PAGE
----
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Sunday surprise — a memorandum

Sunday, May 29th, 2016

[ by Charles Cameron — on the angelic and poetical differences between Azaz’el, Azaz’iel and Azaz’il ]
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Beginning ignorant, and with failing memory besides, I find it difficult to keep these distinctions straight in my unaided mind. Grateful thanks, therefore, to Bartelby and Brewer, who provide me with these assists:

Azaz'el Azaz'iel and Azaz'il

Now that the matter has been clarified, my own affectionate preference goes to Azaz’iel, to be sure.

Announcing ! BLOOD SACRIFICES

Wednesday, May 25th, 2016

[by Mark Safranski / “zen“]

Blood Sacrifices: Violent Non-State Actors and Dark Magico-Religious Activities edited by Robert J. Bunker

I’m very pleased to announce the publication of Blood Sacrifices, edited by Robert J. Bunker, to which Charles Cameron and I have both contributed chapters. Dr. Bunker has done a herculean job of shepherding this controversial book, where thirteen authors explore the dreadful and totemic cultural forces operating just beneath the surface of irregular warfare and religiously motivated extreme violence.

We are proud to have been included in such a select group of authors and I’m confident that many readers of ZP will find the book to their liking . If you study criminal insurgency, terrorism, hybrid warfare, 4GW, apocalyptic sects, irregular conflict or religious extremism, then the 334 pages of Blood Sacrifices has much in store for you.

Available for order at Amazon

Sunday surprise sermon, superb

Sunday, May 1st, 2016

[ by Charles Cameron — encapsulating a Unitarian Universalist perspective from DC in five tweets ]
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With gratitude to Kelsey D Atherton.

Namagiri and Ramanujan

Sunday, May 1st, 2016

[ by Charles Cameron — in which we glimpse the (female) divinity hidden behind infinity ]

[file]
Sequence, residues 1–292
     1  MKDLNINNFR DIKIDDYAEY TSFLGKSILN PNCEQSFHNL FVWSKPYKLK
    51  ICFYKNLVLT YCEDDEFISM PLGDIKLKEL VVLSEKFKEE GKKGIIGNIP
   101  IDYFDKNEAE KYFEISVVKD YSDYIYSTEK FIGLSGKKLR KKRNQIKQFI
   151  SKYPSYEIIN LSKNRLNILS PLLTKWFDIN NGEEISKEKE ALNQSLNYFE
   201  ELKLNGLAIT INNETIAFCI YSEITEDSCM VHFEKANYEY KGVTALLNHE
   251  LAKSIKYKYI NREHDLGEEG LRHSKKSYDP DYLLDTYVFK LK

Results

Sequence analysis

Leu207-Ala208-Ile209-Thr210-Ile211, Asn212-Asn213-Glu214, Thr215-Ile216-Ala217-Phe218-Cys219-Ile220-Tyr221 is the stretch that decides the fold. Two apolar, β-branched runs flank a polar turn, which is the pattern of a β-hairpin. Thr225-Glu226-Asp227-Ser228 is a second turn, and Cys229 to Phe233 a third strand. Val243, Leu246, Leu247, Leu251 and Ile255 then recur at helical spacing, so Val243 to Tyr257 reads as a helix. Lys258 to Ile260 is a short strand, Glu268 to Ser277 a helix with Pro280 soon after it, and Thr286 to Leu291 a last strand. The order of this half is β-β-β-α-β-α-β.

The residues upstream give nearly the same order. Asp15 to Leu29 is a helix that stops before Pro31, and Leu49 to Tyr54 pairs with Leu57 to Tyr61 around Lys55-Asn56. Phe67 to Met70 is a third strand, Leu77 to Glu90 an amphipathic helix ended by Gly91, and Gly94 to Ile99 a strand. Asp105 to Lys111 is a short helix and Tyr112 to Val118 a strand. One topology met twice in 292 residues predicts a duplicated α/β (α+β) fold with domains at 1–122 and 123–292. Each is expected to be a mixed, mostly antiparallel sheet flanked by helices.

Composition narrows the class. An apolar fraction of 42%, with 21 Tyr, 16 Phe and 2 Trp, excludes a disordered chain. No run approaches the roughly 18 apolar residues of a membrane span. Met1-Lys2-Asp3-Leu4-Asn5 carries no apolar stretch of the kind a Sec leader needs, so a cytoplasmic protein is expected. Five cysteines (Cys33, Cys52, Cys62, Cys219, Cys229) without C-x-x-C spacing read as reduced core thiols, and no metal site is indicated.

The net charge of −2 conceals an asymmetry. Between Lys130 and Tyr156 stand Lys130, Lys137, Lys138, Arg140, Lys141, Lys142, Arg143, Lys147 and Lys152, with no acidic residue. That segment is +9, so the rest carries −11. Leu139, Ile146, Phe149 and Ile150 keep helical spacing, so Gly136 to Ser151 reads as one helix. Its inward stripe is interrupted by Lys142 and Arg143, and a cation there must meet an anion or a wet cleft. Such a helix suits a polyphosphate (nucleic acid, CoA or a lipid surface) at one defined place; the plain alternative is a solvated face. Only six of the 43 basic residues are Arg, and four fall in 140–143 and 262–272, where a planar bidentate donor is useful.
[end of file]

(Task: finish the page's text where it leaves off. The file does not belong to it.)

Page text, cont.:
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Ramanujan and Namagiri

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It is one of the curiosities of mathematics that the great Indian mathematician Srinivasa Ramanujan claimed to have received many, if not all, of his equations from the goddess Namagiri in dreams — and that this idea is all too often quietly omitted from discussions of his uncanny brilliance.

Now that The Man Who Knew Infinity is out in theaters, it might be wise to explore the connection between Namagiri and Ramanujan a little more closely.

Dream and waking, darshan and mathematics, inspiration and intuition, intuition and proof, quality and quantity — these polarities are all involved..

To its credit, the film contains the line:

You want to know how I get my ideas? God speaks to me.

However, the idea that “God” might be a goddess seems a reach too far for the screenwriters and director.

Viewing:

  • Matt Brown, The Man Who Knew Infinity
  • Here’s one version of the trailer:

    **

    Stephen Wolfram posted a fine article on his blog last week, Who Was Ramanujan?. He was willing to mention that Ramanujan’s friend and collaborator, GH Hardy, “could be very nerdy — whether about cricket scores, proving the non-existence of God, or writing down rules for his collaboration with Littlewood” — but fails in 31 pages to mention Ramanujan’s own belief that he received his equations from a goddess.

    All of which caused me to pose a question to Wolfram’s own algorithmic genie, Wolfram Alpha:

    Did Namagiri reveal equations to Ramanujan?

    WolframAlpha skipped the words “Did Namagiri reveal” and “to” and concentrated on responding to “equations” and “Ramanujan” — not quite up to par with AlphaGo, I’m afraid, let alone Ramanujan himself, or better, Namagiri.

    Below’s the DoubleQuote I made to by way of comment — note that I’ve only had space for the first line of WolframApha’s extended response:

    Tablet DQ ramanujan namagiri wolfram 1

    **

    Readings:

  • Stephen Wolfram, Who Was Ramanujan?
  • Hinduism Today, Computing the Mathematical Face of God
  • Huffington Post, Ramanujan’s Mock Modular Forms
  • The Hindu, American mathematicians solve Ramanujan’s “deathbed” puzzle
  • Sadhguru, Doorway to the Beyond
  • Paul Chika Emekwulu, Mathematical Encounters: For the inquisitive mind
  • The Hindu, The Man Who Knew Infinity: A misunderstood mind
  • Tweet and response: polling religious interest globally?

    Saturday, April 30th, 2016

    [ by Charles Cameron — Pew — Iran? Saudis? ]
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    Here’s the tweet:

    It looks impressive, doesn’t it? The good folks at Pew have obvisouly done their homework.

    And here’s the response:

    **

    Even when people try to remember that religion is part of geopolitics, they seem to suffer from selective amnesia.

    Aha!

    Country-Survey-Map_WEB

    The white spaces are either not countries, or not surveyed — a pity either way.

    Furthermore, once we’ve got that covered, we’ll need two polls that dig deep & narrow for every one that digs wide & shallow. Oy.


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